PHOTO: Families and friends of detainees surround officials outside Homs Central Prison, December 2014

Syria Direct highlights one of the paradoxes of Syria’s 47-month conflict: in regime-controlled Homs, detainees in the main prison run the facility — even as they remain captives.

Homs Central Prison is the largest in the region, with more than 2,000 prisoners. Most of the detainees were arrested for participation in anti-reigme regime protests and charged with “terrorism”. Many have yet to be tried, and some have not been charged.

It has been run by detainees since July 2012, when they staged a revolt that removed the prison administration and security. However, Syrian forces surround the prison, controlling supplies.

Some detainees began a hunger strike in late December, demanding freedom, but relented when a Syrian prison commander, Colonel Abdu Karam, said the regime would negotiate. However, a detainee said security forces still have not responded to the prisoners’ calls for accountability,

“Jouri” told Syria Direct that he was first arrested in January 2013, along with his father and brother. He was tortured with electricity and the “Magic Carpet” — a piece of wood bent in the middle, on which the detainee is laid — and hung by his wrist for extended periods of time. His father is still missing.

He said the uprising began in December over the handling of the detainees, guaranteeing extended periods behind bars, and poor conditions:

The regime authorities mixed the criminal cases with the revolution-related cases. Many detainees were moved to the anti-terrorism court, which means that the detainee must wait for a long time before the court processes his case. There are also inhuman living standards here, and many diseases spread easily.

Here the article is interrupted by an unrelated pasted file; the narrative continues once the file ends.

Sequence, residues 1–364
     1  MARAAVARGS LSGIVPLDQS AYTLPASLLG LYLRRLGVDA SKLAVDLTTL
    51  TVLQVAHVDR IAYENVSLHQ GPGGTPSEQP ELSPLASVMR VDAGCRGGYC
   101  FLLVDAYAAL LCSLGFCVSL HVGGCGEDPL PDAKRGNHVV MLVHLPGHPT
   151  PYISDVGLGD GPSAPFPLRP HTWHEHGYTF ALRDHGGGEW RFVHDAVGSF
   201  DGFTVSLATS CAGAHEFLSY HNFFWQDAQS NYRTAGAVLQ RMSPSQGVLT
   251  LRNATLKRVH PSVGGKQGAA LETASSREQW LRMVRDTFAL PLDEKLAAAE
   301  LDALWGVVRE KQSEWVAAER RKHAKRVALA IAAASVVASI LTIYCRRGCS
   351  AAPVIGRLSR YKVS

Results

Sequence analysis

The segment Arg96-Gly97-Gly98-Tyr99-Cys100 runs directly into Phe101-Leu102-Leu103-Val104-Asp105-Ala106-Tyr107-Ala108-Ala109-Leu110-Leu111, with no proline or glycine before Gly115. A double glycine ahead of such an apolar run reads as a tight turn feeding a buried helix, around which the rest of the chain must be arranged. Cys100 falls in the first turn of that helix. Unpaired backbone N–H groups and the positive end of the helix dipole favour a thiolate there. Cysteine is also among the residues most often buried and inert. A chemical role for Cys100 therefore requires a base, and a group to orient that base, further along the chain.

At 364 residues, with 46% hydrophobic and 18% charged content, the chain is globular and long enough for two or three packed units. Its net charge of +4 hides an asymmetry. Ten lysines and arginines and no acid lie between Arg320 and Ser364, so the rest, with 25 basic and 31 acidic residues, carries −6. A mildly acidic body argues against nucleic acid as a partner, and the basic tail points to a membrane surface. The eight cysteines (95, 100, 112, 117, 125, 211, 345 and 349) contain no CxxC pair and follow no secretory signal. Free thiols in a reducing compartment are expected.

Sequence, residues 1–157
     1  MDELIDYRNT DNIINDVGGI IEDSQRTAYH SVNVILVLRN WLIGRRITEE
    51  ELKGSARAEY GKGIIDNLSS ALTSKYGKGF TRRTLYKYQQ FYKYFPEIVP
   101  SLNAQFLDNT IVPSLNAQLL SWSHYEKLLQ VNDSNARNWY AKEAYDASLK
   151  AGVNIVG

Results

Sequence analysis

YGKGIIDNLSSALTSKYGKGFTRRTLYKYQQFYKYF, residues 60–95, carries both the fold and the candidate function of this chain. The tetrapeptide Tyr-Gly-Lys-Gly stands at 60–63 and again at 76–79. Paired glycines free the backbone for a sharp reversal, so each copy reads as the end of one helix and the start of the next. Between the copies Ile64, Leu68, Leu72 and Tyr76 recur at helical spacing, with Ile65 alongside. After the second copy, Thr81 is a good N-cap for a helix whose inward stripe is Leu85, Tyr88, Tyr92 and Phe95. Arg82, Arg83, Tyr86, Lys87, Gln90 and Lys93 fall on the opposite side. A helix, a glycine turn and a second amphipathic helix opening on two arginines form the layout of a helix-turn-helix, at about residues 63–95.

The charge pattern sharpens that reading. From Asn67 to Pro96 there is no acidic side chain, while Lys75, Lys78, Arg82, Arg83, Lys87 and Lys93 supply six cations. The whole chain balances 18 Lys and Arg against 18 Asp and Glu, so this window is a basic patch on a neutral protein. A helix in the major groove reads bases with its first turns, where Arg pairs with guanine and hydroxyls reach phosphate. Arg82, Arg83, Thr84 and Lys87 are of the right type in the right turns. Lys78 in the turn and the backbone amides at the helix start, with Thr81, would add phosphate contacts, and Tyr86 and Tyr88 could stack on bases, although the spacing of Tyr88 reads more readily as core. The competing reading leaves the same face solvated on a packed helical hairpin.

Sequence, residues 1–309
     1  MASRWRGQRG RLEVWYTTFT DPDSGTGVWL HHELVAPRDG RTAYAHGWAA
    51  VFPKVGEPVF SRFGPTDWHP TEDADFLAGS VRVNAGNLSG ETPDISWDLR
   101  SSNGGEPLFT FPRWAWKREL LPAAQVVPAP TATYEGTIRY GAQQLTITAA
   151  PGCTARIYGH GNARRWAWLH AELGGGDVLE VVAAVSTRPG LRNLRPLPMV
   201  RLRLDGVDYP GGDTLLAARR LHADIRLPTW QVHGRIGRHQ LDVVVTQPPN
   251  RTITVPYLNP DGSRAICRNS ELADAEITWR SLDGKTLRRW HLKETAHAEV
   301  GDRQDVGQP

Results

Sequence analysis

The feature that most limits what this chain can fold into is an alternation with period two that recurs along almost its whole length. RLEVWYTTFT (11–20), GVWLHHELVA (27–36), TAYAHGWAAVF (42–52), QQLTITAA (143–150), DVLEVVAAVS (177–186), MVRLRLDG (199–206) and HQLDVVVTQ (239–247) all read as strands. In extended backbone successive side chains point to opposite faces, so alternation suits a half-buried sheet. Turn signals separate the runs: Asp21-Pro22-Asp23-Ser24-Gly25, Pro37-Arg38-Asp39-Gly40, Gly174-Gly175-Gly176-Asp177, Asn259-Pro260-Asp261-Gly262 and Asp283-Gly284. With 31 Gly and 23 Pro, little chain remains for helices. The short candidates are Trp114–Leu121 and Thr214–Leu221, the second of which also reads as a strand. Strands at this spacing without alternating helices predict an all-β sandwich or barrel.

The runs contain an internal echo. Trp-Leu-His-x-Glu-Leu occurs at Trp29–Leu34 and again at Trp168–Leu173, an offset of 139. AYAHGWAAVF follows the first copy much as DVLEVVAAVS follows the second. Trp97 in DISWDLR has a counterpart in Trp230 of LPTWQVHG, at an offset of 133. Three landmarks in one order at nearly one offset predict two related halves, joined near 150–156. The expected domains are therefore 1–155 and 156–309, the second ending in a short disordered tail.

Moreover, the regime charged a number of prisoners with unfair sentences. One prisoner received 18 years of jail time because he participated in a protest. Another man was charged with 31 years for the same accusation. I am in prison under a terrorism claim for two years, and I haven’t been to court for my case yet.

The only prospect for his release is bribery:

The juridical system is corrupt and it is impossible to get out without paying money. My relatives now are negotiating with someone with authority among regime ranks. They reached an agreement that they would pay money in order to free me. Now I am waiting to buy my freedom.

Meanwhile, the prison is in a stalemate after detainees took charge of the facility:

The Syrian army tried to break in and failed.

I was there when the regime forces tried to break in to take back the prison. At the same time, the regime cut off access to electricity and water in the prison. I fought with the other prisoners confronting the regime forces with light weapons [knives and stones] that we took from them earlier. I threw stones at them.

After the raid, we managed to confiscate even more armor, helmets and batons. We also injured their commander and some other soldiers.

The regime forces couldn’t use live bullets in the break-in because there are 300 Alawite and Shiite hostages, who were also prisoners at the time of the prison’s liberation.

Some of those prisoners are relatives of some regime commanders, and the regime is negotiating with us in order to keep the hostages safe….

The Syrian regime is extremely corrupt, and is a system based on personal benefits. Although regime forces are blockading the prison, the same officers who are blockading us also bring us food, cigarettes and drinking water. Even the commander of the prison deals with some prisoners, and sells us food and cigarettes.

With regard to cell phones, there are some officers who secretly sell us cell phones and charging cards without their commander’s knowledge. They sell it to the prisoners at very high prices. That’s how I am able to talk to you now.